How do I pull out and hand over my business?

It’s a sign of the times, I suppose. I’m getting quite a few calls from restaurateurs and café owners who want to put their businesses under management in order to simplify their hectic lives. As margins shrink and hospitality operators are forced to work harder and harder for less and less return, the option to stand back and get someone else to shoulder the burden of running the business must seem awfully attractive.

Easier said than done

The problem is, it’s a lot easier said than done — and I should know; it’s a specialty of the consulting side of my business and we’ve been doing it for 35 years. I’ve come to understand that it is not practical or feasible for many businesses to be run under management, and there is a kind of checklist I go through to assess the suitability of a business and its owner.

To begin with, the business must be large enough to support the cost of a manager without reducing the return to the owner to the point where the whole exercise is pointless. As a rule, I believe that any food and beverage business that takes under $2 million per year is unsuitable to be placed under management without sacrificing the profit, and if the owner of a business taking less than that really wants out, the only option is to sell it. Otherwise it is a prison from which there is no escape.

Good managers are expensive and hard to find

Good managers are expensive and hard to find

Managers cost a lot of money. First, a good manager will demand a reasonable salary. Exactly how much is dependent on the size and complexity of the business. As a rule of thumb you’ll need to pay somewhere in the range of $70k – $200k per year to get the skills you want. Cheap managers are like cheap Ferraris — they won’t last long and they’ll cost you a fortune.

Skilled managers demand good pay and are worth every cent of it, and at present they’re really hard to find. Their salary is not the end of it. By the time we add all the on-costs and other support costs of employment, they can easily cost you double what you pay them.

This can wipe out a large lump off the bottom line of any small business — this is why businesses have to be of a certain size before we will even consider the process.

Next we have to consider what we have to replace if the owner wants to leave. This can be tricky indeed. It’s not unusual for us to find that the owner has been functioning as a ‘benevolent dictator’ — i.e. the sole creative genius, HR manager, maintenance manager, sales manager, cost controller, mine host, waiter, emergency cook and cleaner; in short, a ‘jack of all trades’. To boot, they’ve been working 80 hour working weeks in order to fulfil all these roles, which is why they want to escape and get someone else to take over.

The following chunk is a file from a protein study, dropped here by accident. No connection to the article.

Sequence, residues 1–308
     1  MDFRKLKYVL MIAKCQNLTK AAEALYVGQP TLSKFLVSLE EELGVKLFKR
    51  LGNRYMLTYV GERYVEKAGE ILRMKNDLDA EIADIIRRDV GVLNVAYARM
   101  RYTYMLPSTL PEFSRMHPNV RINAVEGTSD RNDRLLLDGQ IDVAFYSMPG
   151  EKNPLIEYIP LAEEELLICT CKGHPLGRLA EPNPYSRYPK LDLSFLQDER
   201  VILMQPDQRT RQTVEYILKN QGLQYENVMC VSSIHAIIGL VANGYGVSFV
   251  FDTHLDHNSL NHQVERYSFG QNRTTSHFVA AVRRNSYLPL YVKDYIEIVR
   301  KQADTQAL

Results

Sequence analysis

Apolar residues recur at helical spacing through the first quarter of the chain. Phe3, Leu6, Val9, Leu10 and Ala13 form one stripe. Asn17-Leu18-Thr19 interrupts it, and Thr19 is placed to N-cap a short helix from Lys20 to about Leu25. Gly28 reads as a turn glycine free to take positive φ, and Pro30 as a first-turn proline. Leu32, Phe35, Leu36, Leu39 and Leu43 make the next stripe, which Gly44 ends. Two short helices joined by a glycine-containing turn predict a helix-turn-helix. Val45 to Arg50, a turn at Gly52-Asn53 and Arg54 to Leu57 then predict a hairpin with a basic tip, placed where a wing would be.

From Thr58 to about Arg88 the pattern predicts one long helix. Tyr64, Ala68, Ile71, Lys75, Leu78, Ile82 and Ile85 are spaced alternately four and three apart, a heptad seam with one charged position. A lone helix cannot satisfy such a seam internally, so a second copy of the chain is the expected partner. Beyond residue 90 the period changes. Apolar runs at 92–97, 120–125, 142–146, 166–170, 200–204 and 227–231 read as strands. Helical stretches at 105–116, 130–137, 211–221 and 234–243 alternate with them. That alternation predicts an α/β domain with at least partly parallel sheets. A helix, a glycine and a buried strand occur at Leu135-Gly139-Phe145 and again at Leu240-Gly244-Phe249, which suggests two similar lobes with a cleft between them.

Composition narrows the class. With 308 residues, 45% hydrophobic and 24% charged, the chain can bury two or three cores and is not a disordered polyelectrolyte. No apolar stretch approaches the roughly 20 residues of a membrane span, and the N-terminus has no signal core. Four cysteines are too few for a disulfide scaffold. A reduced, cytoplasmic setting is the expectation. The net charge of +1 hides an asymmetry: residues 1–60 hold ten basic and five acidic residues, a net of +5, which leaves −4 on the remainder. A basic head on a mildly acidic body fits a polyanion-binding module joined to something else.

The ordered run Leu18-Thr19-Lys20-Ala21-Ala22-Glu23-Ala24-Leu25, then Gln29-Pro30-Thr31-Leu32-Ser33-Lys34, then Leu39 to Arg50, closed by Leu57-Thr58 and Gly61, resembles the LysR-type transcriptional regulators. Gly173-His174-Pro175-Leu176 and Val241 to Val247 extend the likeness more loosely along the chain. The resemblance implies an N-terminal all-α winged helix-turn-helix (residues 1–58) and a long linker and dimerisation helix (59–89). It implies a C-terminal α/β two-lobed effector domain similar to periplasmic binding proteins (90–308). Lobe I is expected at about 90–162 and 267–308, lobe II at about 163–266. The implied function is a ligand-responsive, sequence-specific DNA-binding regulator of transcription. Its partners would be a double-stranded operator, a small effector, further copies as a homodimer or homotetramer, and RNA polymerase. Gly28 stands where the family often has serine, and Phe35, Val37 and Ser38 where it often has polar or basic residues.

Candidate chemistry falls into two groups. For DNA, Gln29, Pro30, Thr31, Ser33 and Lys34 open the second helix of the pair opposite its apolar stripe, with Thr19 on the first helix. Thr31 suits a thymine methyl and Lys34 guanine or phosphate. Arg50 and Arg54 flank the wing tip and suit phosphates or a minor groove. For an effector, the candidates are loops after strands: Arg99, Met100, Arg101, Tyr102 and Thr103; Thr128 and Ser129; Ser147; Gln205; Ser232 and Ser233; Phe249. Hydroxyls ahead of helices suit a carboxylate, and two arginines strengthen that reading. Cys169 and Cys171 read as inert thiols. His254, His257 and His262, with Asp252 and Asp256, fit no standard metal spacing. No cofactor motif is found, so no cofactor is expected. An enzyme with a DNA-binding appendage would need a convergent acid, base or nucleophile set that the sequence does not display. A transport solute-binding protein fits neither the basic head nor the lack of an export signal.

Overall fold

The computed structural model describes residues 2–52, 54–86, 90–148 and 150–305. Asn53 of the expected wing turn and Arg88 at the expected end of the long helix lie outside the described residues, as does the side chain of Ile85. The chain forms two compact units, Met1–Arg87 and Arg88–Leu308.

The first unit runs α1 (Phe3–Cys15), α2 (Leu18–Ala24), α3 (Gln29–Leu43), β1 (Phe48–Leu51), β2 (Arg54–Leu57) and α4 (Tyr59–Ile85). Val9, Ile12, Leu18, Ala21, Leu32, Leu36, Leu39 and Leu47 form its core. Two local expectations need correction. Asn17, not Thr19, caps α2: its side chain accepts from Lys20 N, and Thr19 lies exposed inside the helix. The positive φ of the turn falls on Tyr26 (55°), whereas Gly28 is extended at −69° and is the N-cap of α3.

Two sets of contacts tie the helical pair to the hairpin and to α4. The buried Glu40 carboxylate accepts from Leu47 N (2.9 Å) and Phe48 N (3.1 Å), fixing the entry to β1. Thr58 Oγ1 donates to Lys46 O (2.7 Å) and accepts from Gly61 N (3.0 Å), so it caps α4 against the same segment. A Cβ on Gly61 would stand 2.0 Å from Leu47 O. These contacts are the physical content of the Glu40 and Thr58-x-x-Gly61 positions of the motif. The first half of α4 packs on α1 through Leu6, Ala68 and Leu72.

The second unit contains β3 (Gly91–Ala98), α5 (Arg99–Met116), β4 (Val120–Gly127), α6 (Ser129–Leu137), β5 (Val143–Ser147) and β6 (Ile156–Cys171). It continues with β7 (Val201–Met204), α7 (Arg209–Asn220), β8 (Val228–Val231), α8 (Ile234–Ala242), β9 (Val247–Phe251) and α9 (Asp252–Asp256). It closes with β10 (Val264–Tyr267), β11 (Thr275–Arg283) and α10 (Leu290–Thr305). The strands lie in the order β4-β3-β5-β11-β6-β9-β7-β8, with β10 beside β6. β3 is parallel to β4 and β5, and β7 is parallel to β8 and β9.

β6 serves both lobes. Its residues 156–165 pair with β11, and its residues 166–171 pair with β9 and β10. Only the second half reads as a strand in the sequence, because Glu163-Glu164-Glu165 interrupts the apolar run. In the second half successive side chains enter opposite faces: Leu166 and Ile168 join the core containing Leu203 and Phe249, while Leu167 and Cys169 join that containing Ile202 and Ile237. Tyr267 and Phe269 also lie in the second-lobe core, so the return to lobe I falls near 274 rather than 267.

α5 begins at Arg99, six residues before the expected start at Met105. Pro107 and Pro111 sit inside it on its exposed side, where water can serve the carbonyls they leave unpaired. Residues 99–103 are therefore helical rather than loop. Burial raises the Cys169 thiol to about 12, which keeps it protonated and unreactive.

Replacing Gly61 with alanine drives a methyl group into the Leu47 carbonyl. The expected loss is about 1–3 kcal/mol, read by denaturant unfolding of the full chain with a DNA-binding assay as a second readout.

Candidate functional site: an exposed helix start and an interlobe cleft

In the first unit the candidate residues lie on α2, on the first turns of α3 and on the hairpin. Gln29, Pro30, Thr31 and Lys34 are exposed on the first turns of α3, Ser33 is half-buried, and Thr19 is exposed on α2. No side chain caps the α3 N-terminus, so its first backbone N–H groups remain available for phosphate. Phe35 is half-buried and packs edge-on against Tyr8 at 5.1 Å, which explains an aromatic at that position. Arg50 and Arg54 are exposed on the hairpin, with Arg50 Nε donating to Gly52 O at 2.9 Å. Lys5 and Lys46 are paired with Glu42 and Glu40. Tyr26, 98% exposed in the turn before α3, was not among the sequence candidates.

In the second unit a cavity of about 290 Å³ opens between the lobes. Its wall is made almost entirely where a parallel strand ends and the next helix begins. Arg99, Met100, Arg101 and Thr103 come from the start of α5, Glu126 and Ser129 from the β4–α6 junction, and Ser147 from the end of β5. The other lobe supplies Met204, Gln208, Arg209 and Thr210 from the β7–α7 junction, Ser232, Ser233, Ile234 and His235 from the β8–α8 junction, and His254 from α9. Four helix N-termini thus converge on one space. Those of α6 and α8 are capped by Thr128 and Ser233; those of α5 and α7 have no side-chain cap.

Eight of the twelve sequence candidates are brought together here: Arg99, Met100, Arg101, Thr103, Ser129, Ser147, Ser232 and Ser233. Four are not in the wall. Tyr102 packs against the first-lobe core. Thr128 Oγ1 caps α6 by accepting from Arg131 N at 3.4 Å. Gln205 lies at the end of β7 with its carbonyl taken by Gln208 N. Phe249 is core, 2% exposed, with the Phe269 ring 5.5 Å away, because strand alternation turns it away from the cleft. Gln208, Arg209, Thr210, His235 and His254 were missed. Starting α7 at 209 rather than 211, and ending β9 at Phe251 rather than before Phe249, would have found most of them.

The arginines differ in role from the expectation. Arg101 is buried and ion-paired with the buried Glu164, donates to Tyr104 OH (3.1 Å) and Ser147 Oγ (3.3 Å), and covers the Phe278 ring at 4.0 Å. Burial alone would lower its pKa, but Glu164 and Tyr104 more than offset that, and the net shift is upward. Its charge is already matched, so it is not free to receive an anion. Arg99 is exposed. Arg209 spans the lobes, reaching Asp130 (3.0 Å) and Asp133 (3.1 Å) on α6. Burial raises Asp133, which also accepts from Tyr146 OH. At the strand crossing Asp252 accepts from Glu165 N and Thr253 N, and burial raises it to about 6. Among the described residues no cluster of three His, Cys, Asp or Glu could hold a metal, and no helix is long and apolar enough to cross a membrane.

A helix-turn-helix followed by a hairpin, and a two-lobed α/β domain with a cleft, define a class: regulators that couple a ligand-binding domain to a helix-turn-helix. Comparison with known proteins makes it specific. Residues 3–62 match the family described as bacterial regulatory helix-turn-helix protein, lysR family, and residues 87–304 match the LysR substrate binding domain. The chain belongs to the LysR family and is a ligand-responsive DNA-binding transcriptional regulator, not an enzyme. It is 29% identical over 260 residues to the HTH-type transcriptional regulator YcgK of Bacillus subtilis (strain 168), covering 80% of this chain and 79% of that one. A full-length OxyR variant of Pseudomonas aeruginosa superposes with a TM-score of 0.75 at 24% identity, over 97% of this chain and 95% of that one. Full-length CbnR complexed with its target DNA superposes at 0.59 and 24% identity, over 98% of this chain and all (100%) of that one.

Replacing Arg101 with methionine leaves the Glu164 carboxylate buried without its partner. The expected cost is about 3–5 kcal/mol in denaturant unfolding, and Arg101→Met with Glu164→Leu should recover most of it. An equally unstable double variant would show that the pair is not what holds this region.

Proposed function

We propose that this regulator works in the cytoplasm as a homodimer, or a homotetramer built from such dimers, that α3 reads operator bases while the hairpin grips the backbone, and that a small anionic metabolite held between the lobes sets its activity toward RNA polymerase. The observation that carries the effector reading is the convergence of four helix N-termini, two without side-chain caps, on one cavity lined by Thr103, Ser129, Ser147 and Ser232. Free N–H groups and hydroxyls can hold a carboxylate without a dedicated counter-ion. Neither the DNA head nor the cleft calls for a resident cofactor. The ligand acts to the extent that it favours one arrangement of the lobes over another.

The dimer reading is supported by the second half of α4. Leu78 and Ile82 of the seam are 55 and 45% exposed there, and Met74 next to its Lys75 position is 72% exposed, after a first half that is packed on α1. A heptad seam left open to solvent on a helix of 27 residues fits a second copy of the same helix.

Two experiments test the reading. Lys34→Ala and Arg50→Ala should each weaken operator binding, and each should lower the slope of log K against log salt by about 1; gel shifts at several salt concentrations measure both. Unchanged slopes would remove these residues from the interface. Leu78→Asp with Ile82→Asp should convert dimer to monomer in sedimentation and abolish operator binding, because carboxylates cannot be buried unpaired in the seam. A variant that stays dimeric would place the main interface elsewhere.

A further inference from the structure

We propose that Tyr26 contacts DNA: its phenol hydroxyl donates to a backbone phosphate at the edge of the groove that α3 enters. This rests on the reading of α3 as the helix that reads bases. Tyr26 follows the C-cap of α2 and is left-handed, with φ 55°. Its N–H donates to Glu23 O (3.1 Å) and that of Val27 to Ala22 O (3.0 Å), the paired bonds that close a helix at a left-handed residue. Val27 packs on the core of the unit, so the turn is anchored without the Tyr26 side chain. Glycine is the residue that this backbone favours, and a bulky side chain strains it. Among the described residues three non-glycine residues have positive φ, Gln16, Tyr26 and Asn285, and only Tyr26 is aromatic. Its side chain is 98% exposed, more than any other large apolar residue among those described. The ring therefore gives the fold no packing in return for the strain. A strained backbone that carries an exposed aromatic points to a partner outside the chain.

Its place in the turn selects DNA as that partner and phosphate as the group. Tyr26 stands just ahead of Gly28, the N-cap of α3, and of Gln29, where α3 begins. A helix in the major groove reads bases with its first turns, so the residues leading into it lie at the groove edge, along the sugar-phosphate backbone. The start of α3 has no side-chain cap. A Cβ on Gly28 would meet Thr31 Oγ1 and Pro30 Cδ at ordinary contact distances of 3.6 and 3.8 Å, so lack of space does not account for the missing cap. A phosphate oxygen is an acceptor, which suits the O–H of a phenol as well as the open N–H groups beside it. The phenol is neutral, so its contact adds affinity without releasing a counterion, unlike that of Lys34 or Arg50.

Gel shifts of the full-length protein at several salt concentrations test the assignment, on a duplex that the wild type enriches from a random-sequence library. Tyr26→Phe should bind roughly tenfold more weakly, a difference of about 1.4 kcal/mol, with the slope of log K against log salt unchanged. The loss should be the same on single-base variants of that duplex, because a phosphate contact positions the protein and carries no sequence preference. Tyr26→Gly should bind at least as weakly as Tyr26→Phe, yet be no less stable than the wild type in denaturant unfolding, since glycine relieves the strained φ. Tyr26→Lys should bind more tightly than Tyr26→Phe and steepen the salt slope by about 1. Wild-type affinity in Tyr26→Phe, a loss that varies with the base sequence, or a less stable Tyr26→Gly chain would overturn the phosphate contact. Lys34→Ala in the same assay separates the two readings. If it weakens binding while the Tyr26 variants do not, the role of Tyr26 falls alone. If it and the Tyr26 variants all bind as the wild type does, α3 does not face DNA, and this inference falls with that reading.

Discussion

Be realistic about what your manager will be prepared to do

Now, is it realistic to think that an employee manager on $90k per year is going to kill themselves in order to fulfil a job, when there is no potential pot of gold for them at the end of the rainbow (the eventual sale of the business), as there is for the owner? In my experience very few managers will put in the hours, dedication and attention to detail that an owner who has their house on the line will do.

This means that there has to be some kind of supervisory structure in place below the manager to help carry the leadership load over the full range of opening hours, before the manager is put in place. Business owners who started the business and have nursed it as it grew, tend to not like to let go of anything in case it destroys the ‘magic’ and often do not have an effective supervisory structure in place.

You need to know what is happening when you withdraw

You need a system of control before you can withdraw or operate in multiple locations

Moving on, the next issue in order to put a business under management is that there must be systems of control and monitoring in place so that the owner knows what is going on and knows when they may have to step-in and intervene to protect their investment. At the very least there needs to be accurate monthly profit and loss tracking so the financial performance of the business can be monitored and downward trends can be checked before they go too far. My experience has been that most small businesses in this industry do not have monthly profit and loss statements, and these can be troublesome to install.

Next, there has to be strict tracking of the volatile relationship between sales and labour, on a daily and weekly basis. Wage costs can blow out very quickly and there needs to be a timely alert that the manager is not controlling things as strictly as needed. Putting this in place often requires a complete overhaul of the business’s bookkeeping system as this requires cross correlation between the payroll system and the POS system.

Listen to your customers

You need an objective measure of your customers' perceptions

You need an objective measure of your customers’ perceptions

Finally, there needs to be systems in place to monitor service standards, product quality and the physical presentation of the business. This is normally achieved by the installation of some form of ‘Mystery Diner’ program — which we believe is the most important of all the management control systems. You control money, stock, etc — but do you measure the very thing that will drive your business growth — customer perception?

Interestingly these are the same systems required to operate multi locations. It’s logical when you think about it; the systems required to keep control of a business while you are not there are also the systems required to keep tract of multiple business sites. So, if you’re dreaming about putting you business under management some day, you probably better start the process sooner than later — it could take some time and require a reasonable investment.